Scandalous: The True Story of the National Enquirer

Apr 05, 1978 - Boca Raton, Florida, U.S. - National Enquirer Publisher Generoso Pope oand copy of the photo of Elvis Presley. Pope died at 61, GENEROSO P. POPE JR., the millionaire owner and publisher of The National Enquirer, suffered a heart attack yesterday at his home in West Palm Beach, Fla., and was pronounced dead on arrival at the J.F.K. Medical Center in Atlantis, Fla. He was 61 years old. Mr. Pope, whose father founded Il Progresso, the New York City Italian-language newspaper, bought a weekly newspaper, The New York Enquirer, in 1952 for $75,000. It had a circulation of 17,000 copie A gore-soaked tabloid, whose publisher had mob connections, was ultimately involved in helping install the President of the United States. This story, worthy of James Ellroy, is at the heart of the documentary Scandalous: The True Story of the National Enquirer. Aesthetically, the movie is both cold and cheesy, a weird combo platter. Various interviewees (Carl Bernstein is probably the film’s biggest “get”) sit in lonely, swanky rooms or in dimly lit bars, and the interviews are broken up by vintage news footage — grainy film stock, bleary video. It’s ugly, but then so is the subject; director Mark Landsman means to show that the tabloid that’s been an unavoidable patch of the American cultural wallpaper for much of our lives has left a mostly corrosive footprint wherever it has stepped.

Or stomped. By 1997, the Enquirer’s reputation as a ghost haunting the closets of celebrities was so entrenched that the paper went through a period of disfavor following the death of Princess Diana. The paparazzi who chased Diana to her death were not working for the Enquirer, but the association was made anyway — the paper was a synecdoche for all other intrusive tabloids. (For what it’s worth, the paper’s then-editor Steve Koz made a performative violin solo of refusing photos of the wreckage and called on other tabloids to do likewise.) Before then, the Enquirer had actually been gaining a rep as an unexpected source of hard-nosed journalism during the O.J. trial. But the sacrifice of Diana at the altar of enquiring minds that wanted to know seemed to shame, for a while, the supermarket gobblers of tabloid burgers.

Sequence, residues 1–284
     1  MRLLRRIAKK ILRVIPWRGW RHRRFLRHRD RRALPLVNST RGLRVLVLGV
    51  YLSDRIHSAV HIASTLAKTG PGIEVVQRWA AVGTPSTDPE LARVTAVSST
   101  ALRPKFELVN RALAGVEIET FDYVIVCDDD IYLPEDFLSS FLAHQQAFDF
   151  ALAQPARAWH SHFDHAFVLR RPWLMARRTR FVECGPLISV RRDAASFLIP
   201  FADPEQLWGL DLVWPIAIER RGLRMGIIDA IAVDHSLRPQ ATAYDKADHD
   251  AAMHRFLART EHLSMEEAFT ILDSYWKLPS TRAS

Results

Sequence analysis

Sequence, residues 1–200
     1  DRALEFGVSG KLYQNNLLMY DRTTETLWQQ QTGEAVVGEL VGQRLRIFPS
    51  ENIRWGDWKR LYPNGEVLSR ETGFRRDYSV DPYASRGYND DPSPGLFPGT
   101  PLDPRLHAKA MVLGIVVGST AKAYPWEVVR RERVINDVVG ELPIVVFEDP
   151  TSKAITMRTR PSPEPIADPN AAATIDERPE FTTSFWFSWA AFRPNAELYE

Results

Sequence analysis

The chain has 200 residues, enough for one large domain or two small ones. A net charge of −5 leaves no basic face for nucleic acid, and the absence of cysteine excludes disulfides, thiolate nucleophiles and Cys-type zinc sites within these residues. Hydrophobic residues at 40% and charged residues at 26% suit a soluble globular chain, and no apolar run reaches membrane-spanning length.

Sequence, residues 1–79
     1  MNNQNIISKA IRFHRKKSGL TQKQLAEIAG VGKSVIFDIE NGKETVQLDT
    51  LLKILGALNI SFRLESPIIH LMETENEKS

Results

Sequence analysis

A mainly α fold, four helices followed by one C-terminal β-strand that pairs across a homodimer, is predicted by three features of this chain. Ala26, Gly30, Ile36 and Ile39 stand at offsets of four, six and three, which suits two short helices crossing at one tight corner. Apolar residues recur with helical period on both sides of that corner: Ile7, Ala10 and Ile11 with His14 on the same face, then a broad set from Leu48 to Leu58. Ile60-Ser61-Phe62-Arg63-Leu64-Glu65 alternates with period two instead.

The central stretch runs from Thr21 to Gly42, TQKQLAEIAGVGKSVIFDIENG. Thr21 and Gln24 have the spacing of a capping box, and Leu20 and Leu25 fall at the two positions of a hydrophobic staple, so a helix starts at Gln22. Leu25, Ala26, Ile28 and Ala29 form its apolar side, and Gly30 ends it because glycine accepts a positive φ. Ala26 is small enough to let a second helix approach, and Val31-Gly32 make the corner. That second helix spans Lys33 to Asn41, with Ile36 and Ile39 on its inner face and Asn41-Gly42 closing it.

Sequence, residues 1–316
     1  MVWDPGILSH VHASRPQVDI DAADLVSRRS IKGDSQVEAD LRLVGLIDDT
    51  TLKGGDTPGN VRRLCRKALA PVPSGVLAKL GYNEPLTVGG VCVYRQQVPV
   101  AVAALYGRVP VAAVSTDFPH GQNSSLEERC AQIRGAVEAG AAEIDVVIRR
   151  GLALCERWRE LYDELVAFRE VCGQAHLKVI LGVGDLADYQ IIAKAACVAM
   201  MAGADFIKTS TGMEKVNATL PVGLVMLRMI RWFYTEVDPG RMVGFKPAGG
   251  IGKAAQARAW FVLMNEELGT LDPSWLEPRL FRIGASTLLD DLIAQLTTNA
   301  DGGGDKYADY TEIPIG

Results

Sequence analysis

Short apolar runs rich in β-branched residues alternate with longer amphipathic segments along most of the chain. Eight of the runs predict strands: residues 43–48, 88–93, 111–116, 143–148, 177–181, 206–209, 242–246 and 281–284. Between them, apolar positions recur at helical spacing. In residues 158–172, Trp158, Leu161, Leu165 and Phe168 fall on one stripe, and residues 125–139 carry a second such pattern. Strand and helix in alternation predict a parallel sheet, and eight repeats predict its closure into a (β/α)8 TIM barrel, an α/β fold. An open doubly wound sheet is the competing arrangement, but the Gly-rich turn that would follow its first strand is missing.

What Scandalous makes clear is that the paper, for decades, reported all the news that was printed to fit — it was custom-made to slake the public thirst for lightweight squalor. The Enquirer’s original goodfella-in-chief, Generoso Pope Jr., gradually shifted the rag’s angle from sub-Weegee shock-horror to “Why Jackie/Liz/Oprah is as miserable as you are, Jane Q. Public.” That formula held for a long time, until, in those more innocent times when such a thing could still happen, Gary Hart was captured on film with Donna Rice on his lap and his political career was generally acknowledged to be toilet-bound. The Enquirer’s vampire fangs had drawn a new kind of blood, and it liked the taste. Bill Clinton found himself similarly drained. But all along, in Scandalous, we also hear about stories Jane never saw — contemptible behavior by Bob Hope, Cosby, etc. We’re told that the Enquirer kept mum about certain stars in exchange for access. That will take on grim relevance later, when what Ronan Farrow has recently exposed as the “catch and kill” mechanism (he’s in the film briefly) was employed to keep Donald Trump’s mushroom out of the pages of America’s favorite tabloid. Hillary stared zombie-eyed and pallid from many an Enquirer cover, contrasted with the insensate orange vigor of the MAGA who would be king. The paper that had followed America’s lead was now leading America.

That was under the jurisdiction of Trump pally David Pecker, who has since sold the Enquirer, after the paper’s attempted sliming of Trump foe Jeff Bezos backslimed. Today the paper sits in its usual point-of-purchase slot, itself zombie-eyed, a mewling wisp of its former robust ghoulishness. It continues to harass celebrities and the Royal Family just like the good old bad days of 1985, but having ended and expedited presidential dreams, where else can it go? It seems a spent force. And yet the hunger for the Enquirer’s stock in trade remains, only it’s filled elsewhere. For what is Fox News if not tabloid journalism at its slickest and most dangerous, speaking to an audience of the fearful and incurious? The network’s serpent-in-chief, Rupert Murdoch, of course slithered from the brackish waters of British supermarket rags. As James Ellroy knew, America is a tabloid country, and so Scandalous is not just a movie about that thing Grandma reads at the hairdresser’s. At its “best” and worst the paper is a souvenir from our national shadowland; we want to think we’re better than the Enquirer but we kind of know we deserve each other.

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